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The Northern Mariana Islands are a commonwealth of the United States. Situated in the Northwestern Pacific Ocean, the Northern Mariana Islands consists of fifteen islands, which includes all of the islands in the Mariana Archipelago with the exception of Guam, which is a separate US territory.

With its tropical climate, magnificent white sand beaches, and clear blue waters, tourism drives the economy of the Mariana Islands today. Aside from its beaches, colorful underwater reefs provide interesting dive sites. Visitors can hike into its mountains, where they may find World War II tanks and other artifacts, caves, and several species of birds.

There are potential problems, however. Climate change is a concern, particularly as rising oceans could impact its marine and coastal environment. Landfills developed to support an increasing population have resulted in groundwater contamination in Saipan. The Northern Mariana Islands are located in Typhoon Alley, just north of Guam, so the islands are always at risk from powerful storms that not only cause property damage and a threat to life, but also beach erosion and damage to crops.

Located in western Micronesia, the Northern Mariana Islands stretch out for five hundred miles, from Farallon de Pajaros in the north to Rota in the south. The Marianas are high islands, most made of limestone in the south, and volcanic in the north. Its land area is concentrated in the southern islands of Rota, Tinian, and Saipan. Agrigan, Pagan, and Anatahan are the only other islands larger than ten square miles. Located on Saipan, Garapan is the capital of the Commonwealth of the Northern Mariana Islands.

Rota consists of a volcanic base capped with coral limestone, resulting in a terraced appearance. Aguijan, Farallon de Medinilla, Saipan, and Tinian are made of limestone and have rolling hills and a few mountains. The islands to the north are volcanic peaks. One of two volcanos on Pagan Island, Mount Pagan has erupted several times in recorded history. Asuncion and Farallon de Pajaros are active volcanoes too. The Agrihan volcano rises to 3,166 feet. Tropical forests in higher elevations are characteristic of the limestone islands, and coconut palms grow along the coast; except Farallon de Medinilla, which is barren.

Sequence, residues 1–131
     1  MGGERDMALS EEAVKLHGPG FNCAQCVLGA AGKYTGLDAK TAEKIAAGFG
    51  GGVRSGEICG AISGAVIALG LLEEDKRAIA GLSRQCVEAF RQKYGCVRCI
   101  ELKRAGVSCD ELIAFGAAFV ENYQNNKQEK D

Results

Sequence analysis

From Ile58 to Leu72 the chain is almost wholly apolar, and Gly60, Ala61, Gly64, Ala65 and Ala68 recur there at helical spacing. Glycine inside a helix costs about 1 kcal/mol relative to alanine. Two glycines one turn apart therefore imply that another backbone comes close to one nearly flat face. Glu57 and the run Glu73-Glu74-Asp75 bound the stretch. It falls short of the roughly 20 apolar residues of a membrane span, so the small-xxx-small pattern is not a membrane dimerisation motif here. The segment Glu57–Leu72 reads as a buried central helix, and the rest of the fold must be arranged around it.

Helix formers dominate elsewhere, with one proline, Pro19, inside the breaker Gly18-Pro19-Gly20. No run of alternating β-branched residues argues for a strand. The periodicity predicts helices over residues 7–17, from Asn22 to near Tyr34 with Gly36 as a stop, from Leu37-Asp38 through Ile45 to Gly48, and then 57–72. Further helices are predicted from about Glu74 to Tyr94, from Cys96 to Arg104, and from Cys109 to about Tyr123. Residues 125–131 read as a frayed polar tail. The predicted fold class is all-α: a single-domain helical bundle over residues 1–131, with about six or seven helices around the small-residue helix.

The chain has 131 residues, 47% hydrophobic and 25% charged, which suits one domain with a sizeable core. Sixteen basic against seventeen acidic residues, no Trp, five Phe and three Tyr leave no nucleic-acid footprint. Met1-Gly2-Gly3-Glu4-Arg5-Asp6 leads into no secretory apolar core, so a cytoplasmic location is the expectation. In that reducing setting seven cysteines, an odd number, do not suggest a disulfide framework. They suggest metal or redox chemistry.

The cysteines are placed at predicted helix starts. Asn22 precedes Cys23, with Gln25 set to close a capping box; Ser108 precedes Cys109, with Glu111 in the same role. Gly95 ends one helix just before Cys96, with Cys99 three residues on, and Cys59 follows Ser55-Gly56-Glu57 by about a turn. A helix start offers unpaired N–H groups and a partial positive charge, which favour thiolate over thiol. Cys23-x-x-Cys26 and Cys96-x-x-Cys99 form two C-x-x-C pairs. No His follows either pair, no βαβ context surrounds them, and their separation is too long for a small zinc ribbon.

Unlike most Pacific Island groups, the Northern Mariana Islands does not have a significant native population. Known as Chamorros, the indigenous population makes up less than 30% of the population. Other ethnic groups include Bangladeshi, Chinese, Filipino, Japanese, Korean, and other Asian people, as well as Carolinian, Palauan, and other Pacific Islanders, and people of mixed ethnicity, with only a small population of people of European or American descent. Roman Catholicism is the dominant religion, accounting for nearly 65% of the population, followed by Protestants with 16%. Others include Buddhists, various folk religions, Hindus, Muslims, Jews, Eastern Orthodox, and other Christian religions.

Having lost most of their original culture, the people of the Northern Mariana Islands have a culture that is Spanish Roman Catholic, but influenced by American culture.

Ferdinand Magellan claims the island group for Spain in 1521, naming them Las Islas de las Velas Latinas, which translates to "islands of the lateen sails," for the triangular shape of the sails used on Chamorro canoes. Later, the name was changed to Las Marianas to honor Mariana of Austria, the widow of Philip IV of Spain. Perhaps because Spain was more concerned with conquests in the Americas and the Philippines, no Spanish colonies were established until 1668, when a Jesuit priest by the name of Diego Luis de Sanvitores came, bringing priests, laymen, women, and some Filipino soldiers.

As islanders resisted conversion to a religion so foreign to their traditional beliefs, there were a series of revolts. In response, the Spanish moved the native islanders into enclaves. Many islanders were killed, and others died from disease. Spain sent reinforcements in 1680, subduing the islanders after a series of revolts, murders of missionaries, and church burnings that became known as the Chamorro Wars. The entire native population was deported to Guam until they agreed to take an oath of allegiance to Spain, accept Spanish customs, and wear Western clothes.

By the late 1800s, Spain's empire was weakening and, facing war with the United States, Spain withdrew from the Pacific, selling its possessions to Germany. As the US had occupied Guam, this marked the permanent division of Guam from the Northern Marianas. German control ended with the outbreak of World War I when the Japanese took possession of the islands. With the start of World War II, the Japanese took Guam from the United States and established bases on many of the islands, which lasted until 1943, when the islands were taken by US military forces.

 

 

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